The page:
While HSAs can be "rolled over" from fund to fund, an HSA cannot be rolled into an IRA or a 401(k), and funds from these types of investment vehicles cannot be rolled into an HSA, except for the one time IRA rollover allowed above. Unlike some employer contributions to a 401(k) plan, all HSA contributions belong to the participant immediately, regardless of the deposit source. A person contributing to an HSA is under no obligation to contribute to his or her employer-sponsored HSA, although employers may require that payroll contributions be made only to the sponsored HSA plan.


HSA participants do not have to obtain advance approval from their HSA trustee or their medical insurer to withdraw funds, and the funds are not subject to income taxation if made for qualified medical expenses. These include deductibles and coinsurance as well as many other expenses not covered under medical plans, such as dental, vision and chiropractic care; durable medical equipment such as eyeglasses and hearing aids; and transportation expenses related to medical care. Non-prescription, over-the-counter medications are not eligible, except for insulin.[4]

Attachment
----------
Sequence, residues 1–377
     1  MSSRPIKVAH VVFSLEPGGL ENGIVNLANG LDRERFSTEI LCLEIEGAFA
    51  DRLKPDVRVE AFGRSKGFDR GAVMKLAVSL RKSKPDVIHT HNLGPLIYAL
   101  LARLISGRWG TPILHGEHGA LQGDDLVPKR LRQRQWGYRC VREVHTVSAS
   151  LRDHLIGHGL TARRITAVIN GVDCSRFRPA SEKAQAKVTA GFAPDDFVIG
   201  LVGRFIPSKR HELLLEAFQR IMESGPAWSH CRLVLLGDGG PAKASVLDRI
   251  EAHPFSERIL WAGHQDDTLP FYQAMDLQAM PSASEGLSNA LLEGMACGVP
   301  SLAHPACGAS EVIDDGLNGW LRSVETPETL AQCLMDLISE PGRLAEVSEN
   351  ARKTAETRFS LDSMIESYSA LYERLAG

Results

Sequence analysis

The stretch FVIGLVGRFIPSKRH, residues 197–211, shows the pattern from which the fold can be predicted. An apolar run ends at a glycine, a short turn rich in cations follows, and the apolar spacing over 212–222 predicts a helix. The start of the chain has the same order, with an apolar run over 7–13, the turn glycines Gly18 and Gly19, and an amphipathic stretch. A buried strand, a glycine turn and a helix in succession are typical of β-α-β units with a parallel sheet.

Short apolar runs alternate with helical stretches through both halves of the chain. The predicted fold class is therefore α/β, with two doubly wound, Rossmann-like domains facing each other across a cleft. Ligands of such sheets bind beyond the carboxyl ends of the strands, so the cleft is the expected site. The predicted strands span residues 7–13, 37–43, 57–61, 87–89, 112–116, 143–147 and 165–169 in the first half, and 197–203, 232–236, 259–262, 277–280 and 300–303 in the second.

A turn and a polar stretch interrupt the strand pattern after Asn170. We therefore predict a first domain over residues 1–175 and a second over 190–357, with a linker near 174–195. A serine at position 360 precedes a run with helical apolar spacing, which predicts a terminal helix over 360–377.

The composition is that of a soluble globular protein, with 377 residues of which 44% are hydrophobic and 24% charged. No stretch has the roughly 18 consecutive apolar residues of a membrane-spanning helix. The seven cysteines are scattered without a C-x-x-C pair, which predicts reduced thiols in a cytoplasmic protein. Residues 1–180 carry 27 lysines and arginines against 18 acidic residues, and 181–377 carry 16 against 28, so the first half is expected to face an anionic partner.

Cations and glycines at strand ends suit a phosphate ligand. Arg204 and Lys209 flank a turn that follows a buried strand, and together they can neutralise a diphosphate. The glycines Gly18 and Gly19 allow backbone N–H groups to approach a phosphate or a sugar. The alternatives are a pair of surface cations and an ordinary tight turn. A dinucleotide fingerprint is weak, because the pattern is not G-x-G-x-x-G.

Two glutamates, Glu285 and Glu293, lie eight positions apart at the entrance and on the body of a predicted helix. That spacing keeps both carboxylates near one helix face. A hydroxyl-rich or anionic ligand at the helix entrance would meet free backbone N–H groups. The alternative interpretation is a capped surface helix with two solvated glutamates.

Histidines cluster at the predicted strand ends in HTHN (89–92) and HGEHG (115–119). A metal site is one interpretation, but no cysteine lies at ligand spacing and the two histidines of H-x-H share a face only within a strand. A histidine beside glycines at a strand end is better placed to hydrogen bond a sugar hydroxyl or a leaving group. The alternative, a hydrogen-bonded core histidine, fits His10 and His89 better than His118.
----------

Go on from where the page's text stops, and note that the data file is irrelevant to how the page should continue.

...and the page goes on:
There are several ways that funds in an HSA can be withdrawn. Some HSAs include a debit card, some supply checks for account holder use, and some allow for a reimbursement process similar to other types of insurance. Most HSAs have more than one possible method for withdrawal. The exact method of withdrawal varies from HSA to HSA and can be considered a marketing design issue. Checks and debits do not have to be made payable directly to the provider. However, in the case of an audit, account holders will be expected to provide documentary evidence that the transaction was for a qualified expense in order to avoid making the amount in question subject to income tax plus a 10% tax penalty for early withdrawal.